Hazel Grace Lancaster, the teenage narrator of John Green’s The Fault in Our Stars, says early in the novel that “cancer books suck.” Based on the media I’ve seen that attempts to deal with the disease, I don’t have much reason to disagree with her. It’s very difficult to write a truthful account of cancer because the arc of the disease doesn’t really fit with the narrative arcs we have come to expect from stories. Cancer often lacks a happy ending. Still, in spite of what Hazel Grace suggests, The Fault in Our Stars very much does not suck. I found it to be a moving, insightful, and extremely well-crafted look at the way we deal with loss.
Hazel Grace is a seventeen-year-old girl living in Indianapolis with terminal lung cancer. For her, it’s not a matter of if she’s going to die, but when. She no longer attends public school and needs an oxygen tank to breath normally. While attending a support group for kids who have cancer, she meets two boys. Isaac’s cancer has already claimed one of his eyes, and he will soon go in for an operation to remove the other. Augustus is a survivor of a historically treatable bone cancer that has left him with an amputated leg but few other ill effects. Isaac comes and goes from the story, but Augustus becomes a significant figure in Hazel Grace’s life. The two of them become obsessed with a novel by a reclusive American author who emigrated to Amsterdam. They decide to use Augustus’ remaining “wish” (which is among a category of complimentary items and services that Hazel refers to as “cancer perks”) to travel to Amsterdam to ask the novelist about the book’s frustratingly vague and truncated ending.
Green’s characters are hyper-articulate and funny in a way that I initially found to be unrealistic and jarring. Augustus is a sixteen-year-old boy who expounds at length about the metaphorical resonances of shooting free throws. This flavor of observation is common for him. Hazel, likewise, shows herself to be quick-witted and erudite. Both are able to clearly articulate their thoughts and emotions, which at first didn’t ring quite true. They were too quick, too funny, to ready to be profound. As I read further, however, I got over it because Hazel and Augustus become so much more than the patterns of their speech. By the novel’s end, they were both living, breathing people in my imagination. Through them, Green attempts to bring the awkward, inarticulate emotional morass of a teenage mind to the page. So, at least for me, the emotions felt genuine, even if the lexical vehicle that delivered them sometimes did not.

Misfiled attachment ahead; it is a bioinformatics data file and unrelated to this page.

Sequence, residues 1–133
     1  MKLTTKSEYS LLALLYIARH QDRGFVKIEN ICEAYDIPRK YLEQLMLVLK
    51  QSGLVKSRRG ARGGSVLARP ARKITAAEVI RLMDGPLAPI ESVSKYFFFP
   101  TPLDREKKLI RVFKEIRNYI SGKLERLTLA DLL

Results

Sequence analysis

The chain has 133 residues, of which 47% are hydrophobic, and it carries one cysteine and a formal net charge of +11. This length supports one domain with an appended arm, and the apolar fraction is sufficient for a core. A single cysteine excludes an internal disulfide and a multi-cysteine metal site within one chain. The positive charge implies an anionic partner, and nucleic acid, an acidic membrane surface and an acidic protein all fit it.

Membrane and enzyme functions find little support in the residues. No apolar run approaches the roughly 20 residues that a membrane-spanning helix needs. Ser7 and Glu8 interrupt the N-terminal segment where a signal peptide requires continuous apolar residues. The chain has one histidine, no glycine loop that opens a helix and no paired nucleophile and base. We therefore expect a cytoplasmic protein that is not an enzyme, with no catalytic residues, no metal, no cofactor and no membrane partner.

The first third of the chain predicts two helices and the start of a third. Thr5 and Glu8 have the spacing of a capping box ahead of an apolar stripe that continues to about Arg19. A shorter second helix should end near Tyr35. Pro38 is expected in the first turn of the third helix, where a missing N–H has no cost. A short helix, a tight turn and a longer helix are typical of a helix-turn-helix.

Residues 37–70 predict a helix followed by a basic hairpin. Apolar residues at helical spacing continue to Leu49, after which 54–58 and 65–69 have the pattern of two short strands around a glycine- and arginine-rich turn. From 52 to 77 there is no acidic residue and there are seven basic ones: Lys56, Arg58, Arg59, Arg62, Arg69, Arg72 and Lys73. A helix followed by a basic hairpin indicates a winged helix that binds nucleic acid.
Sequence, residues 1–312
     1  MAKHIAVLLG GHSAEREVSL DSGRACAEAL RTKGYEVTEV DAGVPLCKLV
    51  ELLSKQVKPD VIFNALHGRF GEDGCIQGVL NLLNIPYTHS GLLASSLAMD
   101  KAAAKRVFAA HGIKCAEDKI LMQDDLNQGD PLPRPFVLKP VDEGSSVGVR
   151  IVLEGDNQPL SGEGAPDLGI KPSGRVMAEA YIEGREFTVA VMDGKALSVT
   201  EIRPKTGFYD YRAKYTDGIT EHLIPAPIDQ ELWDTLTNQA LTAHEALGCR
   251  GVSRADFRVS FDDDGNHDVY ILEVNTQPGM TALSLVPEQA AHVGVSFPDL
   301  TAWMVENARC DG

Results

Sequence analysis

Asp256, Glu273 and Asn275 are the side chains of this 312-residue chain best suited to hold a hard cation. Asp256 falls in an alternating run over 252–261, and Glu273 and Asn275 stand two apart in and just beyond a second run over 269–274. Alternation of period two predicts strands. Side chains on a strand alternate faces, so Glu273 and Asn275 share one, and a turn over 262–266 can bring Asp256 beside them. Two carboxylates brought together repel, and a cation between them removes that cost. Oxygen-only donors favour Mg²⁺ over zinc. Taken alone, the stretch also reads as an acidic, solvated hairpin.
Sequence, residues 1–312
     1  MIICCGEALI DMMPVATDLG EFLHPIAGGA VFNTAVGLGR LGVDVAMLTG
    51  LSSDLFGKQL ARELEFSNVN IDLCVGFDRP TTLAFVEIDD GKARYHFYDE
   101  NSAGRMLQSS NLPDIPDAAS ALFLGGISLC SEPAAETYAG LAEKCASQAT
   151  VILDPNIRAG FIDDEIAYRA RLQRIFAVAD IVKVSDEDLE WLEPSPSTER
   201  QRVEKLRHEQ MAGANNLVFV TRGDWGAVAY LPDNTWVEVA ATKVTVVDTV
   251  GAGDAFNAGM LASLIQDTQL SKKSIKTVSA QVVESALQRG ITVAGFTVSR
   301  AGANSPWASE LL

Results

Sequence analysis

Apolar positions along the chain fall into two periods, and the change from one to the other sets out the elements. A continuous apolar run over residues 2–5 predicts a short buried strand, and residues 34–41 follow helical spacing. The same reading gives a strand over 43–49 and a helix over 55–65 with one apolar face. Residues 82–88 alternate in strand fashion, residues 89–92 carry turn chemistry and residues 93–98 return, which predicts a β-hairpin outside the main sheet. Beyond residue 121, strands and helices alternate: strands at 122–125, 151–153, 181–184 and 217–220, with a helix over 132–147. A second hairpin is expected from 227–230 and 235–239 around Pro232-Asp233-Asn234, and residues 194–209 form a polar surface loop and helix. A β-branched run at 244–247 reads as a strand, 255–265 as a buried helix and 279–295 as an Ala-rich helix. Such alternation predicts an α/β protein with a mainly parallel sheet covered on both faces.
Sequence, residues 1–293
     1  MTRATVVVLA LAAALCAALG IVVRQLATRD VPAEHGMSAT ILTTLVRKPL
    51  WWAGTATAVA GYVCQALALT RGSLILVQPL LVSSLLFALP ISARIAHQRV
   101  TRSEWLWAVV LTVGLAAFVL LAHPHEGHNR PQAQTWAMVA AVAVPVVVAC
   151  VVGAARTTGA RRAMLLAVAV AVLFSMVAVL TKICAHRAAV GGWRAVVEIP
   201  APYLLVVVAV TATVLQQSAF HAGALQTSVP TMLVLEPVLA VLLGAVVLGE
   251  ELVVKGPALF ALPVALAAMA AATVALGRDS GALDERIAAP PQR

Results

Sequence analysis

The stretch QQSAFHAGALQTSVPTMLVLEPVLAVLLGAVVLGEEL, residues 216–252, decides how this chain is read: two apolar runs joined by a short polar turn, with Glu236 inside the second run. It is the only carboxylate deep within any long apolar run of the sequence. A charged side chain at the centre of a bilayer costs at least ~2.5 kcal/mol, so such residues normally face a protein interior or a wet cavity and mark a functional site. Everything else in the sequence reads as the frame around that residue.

The Fault in Our Stars is essentially a love story. And not just the love story between the two charismatic and likable leads. Augustus and Hazel both have a profound love affair with the world and life, which makes the inescapable subject of the book all the more heartbreaking. Green masterfully walks the fine line between sentimentality and falseness. I bought all of it, and I loved it. The book is completely honest and earnest about its subject. The story certainly is calculated to affect a reader emotionally, but it also never feels manipulative or cheap.
Perhaps the reason I admire The Fault in Our Stars the most is that its an utterly unbullshitty book about pain, loss, disease, and love. It never presents false hope or platitudes, but it also never becomes cynical of people who get through pain with the help of the aphorisms and throw-pillow-embroidered “encouragements” that litter one character’s home. Hazel notes that these are simply ways that people deal with situations. There’s no guidebook for dealing with loss or impending loss, and there are no easy answers. And thus the book smartly doesn’t try to offer any. Instead, what we are left with is two kids, trying to live as best they can with uncertainty.
The Fault in Our Stars resists our expectations of a cancer story because real stories rarely conform to genre expectations. John Green has done something remarkable with this novel. Young adult literature is still sometimes viewed as an implicitly inferior form of writing. That perception is changing with the steep rise of the quality of books dealing with the lives of fictional teenagers. Green’s novel shows, unassailably, that a young adult novel can be just as powerful, moving, and instructive as any other.
The Fault in Our Stars gets five pieces of lasagna.